At last week’s HDMA Traceability Seminar in Washington DC, Serialization Master Data Management was the talk of the day. When companies go down the path of implementing serialization, they quickly realize they have a lot of data cleaning to do. This is especially true to companies with a long history of M&A activities.
In addition to the existing product identifiers such as SKU, NDC, and UPC code, serialization brings a new number called GTIN. GTIN is Global Trade Identification Number. But GTIN is not the only new number. GTIN is the most accepted standards in the world for drug products, but it has its limit. Brazil requires the Medical Registration Number. China uses the Electronic Supervision Code. Within GTIN itself, it’s not always in one uniform standard. GS1 does not operate as a centralized global entity. It runs on a distributed business model with offices in various countries. Each GS1 country office holds the company prefixes that are registered there. Simply put, there is no one GS1 office that can issue all your global GTINs and there is no one centralized GS1 database that can hold all your GTIN data. The business of managing master data is completely in the hands of each individual company.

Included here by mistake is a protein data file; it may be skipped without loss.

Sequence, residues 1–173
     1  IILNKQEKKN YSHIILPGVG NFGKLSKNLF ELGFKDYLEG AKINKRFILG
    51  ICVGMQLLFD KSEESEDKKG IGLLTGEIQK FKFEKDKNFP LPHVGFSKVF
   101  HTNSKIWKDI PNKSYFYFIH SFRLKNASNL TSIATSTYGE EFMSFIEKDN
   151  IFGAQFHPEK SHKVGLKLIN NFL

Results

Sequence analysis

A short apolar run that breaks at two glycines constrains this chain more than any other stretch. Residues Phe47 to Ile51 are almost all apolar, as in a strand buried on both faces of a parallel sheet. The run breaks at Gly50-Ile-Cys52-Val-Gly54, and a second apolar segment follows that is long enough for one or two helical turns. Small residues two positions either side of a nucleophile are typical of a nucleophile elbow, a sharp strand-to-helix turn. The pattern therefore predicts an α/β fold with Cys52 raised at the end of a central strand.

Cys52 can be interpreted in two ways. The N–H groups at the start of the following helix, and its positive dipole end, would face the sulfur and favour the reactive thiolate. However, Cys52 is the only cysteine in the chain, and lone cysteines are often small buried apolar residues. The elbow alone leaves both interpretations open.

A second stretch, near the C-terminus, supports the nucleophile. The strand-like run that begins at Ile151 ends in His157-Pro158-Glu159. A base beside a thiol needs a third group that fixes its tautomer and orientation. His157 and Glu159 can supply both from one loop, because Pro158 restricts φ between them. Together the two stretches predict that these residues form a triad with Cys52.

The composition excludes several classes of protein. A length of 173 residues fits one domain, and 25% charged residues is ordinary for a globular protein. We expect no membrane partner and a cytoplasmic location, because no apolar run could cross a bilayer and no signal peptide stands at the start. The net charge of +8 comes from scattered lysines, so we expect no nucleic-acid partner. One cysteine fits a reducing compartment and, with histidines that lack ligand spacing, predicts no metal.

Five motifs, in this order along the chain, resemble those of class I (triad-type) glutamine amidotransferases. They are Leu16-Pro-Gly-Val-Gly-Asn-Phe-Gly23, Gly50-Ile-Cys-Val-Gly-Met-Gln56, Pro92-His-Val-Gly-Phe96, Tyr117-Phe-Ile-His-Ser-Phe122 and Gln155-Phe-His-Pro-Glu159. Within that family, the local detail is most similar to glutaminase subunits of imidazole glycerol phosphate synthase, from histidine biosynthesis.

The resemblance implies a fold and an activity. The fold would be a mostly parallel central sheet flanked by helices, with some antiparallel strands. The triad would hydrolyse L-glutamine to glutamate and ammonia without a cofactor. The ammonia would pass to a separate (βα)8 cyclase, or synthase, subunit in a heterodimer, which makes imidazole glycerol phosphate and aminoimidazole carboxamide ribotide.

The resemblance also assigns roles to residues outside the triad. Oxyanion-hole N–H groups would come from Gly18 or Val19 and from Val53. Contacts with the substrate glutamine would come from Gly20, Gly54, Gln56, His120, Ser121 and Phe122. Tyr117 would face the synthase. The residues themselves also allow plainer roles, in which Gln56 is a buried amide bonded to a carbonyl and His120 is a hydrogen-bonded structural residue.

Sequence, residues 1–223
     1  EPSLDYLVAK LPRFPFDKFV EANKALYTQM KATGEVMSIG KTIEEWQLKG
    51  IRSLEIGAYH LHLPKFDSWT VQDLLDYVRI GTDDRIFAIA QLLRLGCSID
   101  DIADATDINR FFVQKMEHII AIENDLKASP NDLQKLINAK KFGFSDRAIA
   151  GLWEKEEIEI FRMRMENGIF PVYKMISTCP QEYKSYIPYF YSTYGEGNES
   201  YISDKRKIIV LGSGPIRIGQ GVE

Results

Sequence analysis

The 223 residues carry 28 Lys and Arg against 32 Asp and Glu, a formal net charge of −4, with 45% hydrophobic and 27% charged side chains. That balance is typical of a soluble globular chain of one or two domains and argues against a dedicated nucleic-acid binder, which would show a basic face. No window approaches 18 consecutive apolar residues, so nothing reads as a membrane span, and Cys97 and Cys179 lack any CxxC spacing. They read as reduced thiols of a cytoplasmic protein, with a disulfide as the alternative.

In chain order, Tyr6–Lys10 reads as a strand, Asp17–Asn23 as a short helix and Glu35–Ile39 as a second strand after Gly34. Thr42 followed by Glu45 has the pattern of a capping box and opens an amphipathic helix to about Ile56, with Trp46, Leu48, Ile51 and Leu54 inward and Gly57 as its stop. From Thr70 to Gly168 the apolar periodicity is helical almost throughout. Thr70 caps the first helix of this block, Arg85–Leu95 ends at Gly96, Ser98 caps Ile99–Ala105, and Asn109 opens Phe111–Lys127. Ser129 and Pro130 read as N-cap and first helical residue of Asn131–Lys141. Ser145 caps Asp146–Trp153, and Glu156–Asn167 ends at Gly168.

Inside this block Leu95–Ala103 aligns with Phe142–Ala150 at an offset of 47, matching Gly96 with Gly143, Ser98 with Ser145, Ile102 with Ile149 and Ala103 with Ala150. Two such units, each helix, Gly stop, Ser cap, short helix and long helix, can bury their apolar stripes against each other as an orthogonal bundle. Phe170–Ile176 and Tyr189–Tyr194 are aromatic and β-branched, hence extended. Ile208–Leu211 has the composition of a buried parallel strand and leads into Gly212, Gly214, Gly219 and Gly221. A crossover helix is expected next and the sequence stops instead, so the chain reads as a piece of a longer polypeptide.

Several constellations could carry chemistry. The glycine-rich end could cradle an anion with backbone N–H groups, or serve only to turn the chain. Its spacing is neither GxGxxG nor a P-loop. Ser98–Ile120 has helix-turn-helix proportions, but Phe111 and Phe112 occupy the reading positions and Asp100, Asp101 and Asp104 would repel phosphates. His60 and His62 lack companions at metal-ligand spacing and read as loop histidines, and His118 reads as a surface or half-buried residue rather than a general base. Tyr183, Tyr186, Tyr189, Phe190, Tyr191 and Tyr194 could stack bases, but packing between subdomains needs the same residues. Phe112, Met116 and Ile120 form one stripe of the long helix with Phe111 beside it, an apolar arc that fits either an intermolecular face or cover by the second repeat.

Master data means one single truth of data. This data enables product authentication for trading partners, dispensers, and government agencies. Without the correct data, a serialized drug product won’t travel very far. That is why the importance of managing serialized master data was echoed by many meeting attendees. In the context of on boarding already very complex serialization project, it is good to see efforts are made to improve and manage master data. It will fundamentally set the serialization operation on the right track for the long run.